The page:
Print Magazine, July/August 2005“Most designers agree, even insist, that design is more than clever imagery selling goods and services — it also influences how societies function. Social Design Notes, a remarkably informed and highly useful blog edited by John Emerson, explores design’s sociopolitical power and inspiration. A New York activist and designer who oversaw Web sites for Amnesty International USA and Human Rights Watch, Emerson launched his blog is 2002 as a ‘bridge between design activism — to push designers to think about acting in the public interest and to help activists see how design can facilitate their campaigns.’ Emerson explores how design is used to support and challenge the status quo, posting one historical note about the ‘Black Panther Coloring Book’ created by the FBI during the civil-right movement, and another about South Africa’s use of the comic book to prepare its citizens for their first election. Emerson also discusses the built environment, praising former New York mayor Rudolph Giuliani for having championed design to improve the lives of the disabled. And Social Design Notes’ Resource page contains tools — such as free stock photos — designed to convert readers into true reformers.”

The July/August 2005 issue also has a several excellent articles on sustainable design, and is worth checking out for this alone.

But it makes you wonder — why doesn’t the magazine itself use recycled paper? Despite the “In Print” column which touts the magazine’s “early environmental outlook,” this is not addressed. So, do they care about sustainability or not? I know design magazines are hardly a lucrative venture, but the article “Fiber Optimistic” on page 57 points out that cost differences between recycled paper and not are nowadays “negligible.”

But then why not take it a step further. If toxic printing processes and non-recycled paper are harmful to the environment, why not consider sustainability as a criteria for your annual design competition?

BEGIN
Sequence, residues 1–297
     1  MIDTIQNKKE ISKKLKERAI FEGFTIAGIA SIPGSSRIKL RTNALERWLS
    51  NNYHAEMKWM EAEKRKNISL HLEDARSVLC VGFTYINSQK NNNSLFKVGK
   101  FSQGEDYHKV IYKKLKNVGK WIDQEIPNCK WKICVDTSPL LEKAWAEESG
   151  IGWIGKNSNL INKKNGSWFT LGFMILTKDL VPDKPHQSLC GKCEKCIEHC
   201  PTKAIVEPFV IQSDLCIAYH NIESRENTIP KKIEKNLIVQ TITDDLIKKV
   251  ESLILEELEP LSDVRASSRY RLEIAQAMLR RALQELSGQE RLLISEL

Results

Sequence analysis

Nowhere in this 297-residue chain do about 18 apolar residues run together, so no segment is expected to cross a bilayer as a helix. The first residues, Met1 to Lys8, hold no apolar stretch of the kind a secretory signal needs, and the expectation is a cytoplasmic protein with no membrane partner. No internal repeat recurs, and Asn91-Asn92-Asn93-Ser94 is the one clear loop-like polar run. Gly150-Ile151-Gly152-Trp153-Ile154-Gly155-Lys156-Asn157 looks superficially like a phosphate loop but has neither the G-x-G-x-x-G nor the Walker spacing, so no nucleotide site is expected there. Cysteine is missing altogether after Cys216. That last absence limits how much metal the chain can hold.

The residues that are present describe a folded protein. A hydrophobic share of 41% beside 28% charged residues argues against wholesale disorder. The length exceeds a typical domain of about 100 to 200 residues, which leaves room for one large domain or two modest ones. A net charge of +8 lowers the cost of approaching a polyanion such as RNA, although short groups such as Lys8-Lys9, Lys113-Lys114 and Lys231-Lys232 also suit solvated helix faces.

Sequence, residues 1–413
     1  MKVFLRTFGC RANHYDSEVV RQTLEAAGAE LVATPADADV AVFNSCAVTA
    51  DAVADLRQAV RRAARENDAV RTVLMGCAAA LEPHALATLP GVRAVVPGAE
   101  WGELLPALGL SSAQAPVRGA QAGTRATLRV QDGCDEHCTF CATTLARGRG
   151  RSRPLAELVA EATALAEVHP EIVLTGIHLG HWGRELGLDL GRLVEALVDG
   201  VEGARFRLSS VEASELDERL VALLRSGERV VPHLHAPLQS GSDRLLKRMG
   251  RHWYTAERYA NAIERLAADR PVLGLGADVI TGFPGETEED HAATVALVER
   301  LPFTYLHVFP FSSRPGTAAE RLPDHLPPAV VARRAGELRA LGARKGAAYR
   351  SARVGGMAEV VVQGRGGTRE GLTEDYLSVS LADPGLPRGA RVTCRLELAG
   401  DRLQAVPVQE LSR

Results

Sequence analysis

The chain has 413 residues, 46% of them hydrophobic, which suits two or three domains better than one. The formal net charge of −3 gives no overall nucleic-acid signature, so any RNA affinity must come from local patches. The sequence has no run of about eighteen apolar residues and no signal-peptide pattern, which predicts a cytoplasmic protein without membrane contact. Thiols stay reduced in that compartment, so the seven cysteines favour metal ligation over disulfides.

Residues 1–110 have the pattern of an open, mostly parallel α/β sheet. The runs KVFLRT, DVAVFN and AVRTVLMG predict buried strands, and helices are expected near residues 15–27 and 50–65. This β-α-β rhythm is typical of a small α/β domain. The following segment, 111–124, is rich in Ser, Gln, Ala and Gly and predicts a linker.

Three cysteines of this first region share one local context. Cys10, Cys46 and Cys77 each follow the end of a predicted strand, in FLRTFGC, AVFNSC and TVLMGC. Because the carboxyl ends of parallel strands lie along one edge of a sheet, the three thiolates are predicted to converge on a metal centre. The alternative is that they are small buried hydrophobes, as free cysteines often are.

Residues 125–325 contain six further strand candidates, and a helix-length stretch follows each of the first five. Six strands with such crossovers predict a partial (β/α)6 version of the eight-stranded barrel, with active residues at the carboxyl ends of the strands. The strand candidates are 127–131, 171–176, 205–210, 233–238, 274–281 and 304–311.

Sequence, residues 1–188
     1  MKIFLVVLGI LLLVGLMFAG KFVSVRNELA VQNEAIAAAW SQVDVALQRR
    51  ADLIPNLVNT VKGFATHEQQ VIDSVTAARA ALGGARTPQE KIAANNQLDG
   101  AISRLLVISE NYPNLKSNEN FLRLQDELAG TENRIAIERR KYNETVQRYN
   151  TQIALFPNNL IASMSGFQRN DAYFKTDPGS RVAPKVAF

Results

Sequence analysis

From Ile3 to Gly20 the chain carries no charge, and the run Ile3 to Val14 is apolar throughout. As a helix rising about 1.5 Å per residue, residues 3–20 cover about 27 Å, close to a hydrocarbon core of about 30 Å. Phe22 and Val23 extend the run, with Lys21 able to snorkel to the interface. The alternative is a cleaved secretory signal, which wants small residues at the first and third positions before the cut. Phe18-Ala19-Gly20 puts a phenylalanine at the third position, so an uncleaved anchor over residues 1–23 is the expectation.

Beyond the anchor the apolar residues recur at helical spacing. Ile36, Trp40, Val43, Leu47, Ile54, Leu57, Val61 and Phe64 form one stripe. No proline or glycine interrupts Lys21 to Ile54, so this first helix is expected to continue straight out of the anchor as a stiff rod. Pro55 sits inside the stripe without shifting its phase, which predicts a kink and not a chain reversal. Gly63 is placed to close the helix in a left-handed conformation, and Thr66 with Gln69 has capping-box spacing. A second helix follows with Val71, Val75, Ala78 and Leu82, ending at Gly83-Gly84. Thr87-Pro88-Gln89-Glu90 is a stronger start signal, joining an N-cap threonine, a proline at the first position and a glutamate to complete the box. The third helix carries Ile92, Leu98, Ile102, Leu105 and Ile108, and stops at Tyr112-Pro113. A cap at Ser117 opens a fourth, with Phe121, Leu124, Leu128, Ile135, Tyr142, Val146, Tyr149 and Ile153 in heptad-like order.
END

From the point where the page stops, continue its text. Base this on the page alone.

Imagine what a massive force the AIGA could be if they required printed entries to their annual showcase use recycled paper.

Would this punish designers for the choices of their clients? Perhaps, but then why shouldn’t judging the beauty of a product take into account the nature of physical object itself? If designers care about competitions, why shoudn’t they push their clients that much harder? Why don’t all design competitions consider sustainability as a criteria? Does this impose some kind of “political” viewpoint? One could argue that not requiring this broadcasts a political viewpoint just as clearly.

Would the AIGA’s dues paying members revolt? Certainly some, but as the issue of Print notes (p. 11):

“This year the AIGA formed a national task force to develop policies and programs for the organization in support of sustainability. Following a poll revealing the environment to be the profession’s most pressing concern, the Worldstudio Foundation and the AIGA, through their ‘Design Ignites Change’ collaboration addressing social issues on a local level, made sustainability the focus of their first project.”

Hell, the AIGA’s last national conference was largely devoted to discussion of sustainability.

So at what point does sustainable design cease to be a “special issue”? When does it become incorporated as a fundamental part of what we do? And when do our design institutions take a stand and show some leadership? When do we start demanding it?

Is this all unreasonable? I would point out that it’s already happened once before. The American Institute of Architects, another national design association, went through a very similar internal debate years ago and came out embracing the green.


Update July 18, 2005Print responds:

“It’s true, Print does not currently use recycled paper, but we are looking into doing so as soon as our current supply of paper is fully depleted. It has been an economic issue in the past, but we are hoping to persuade our publishers to spend a little extra on this aspect of responsibility.”

>  17 July 2005 | LINK | Filed in , , , , , , , ,

Green Map Turns Ten

Mentioned here last year, the Green Map project is an international network of autonomous, collective design projects, promoting local action and environmental resources around the world. They just celebrated their ten year anniversary.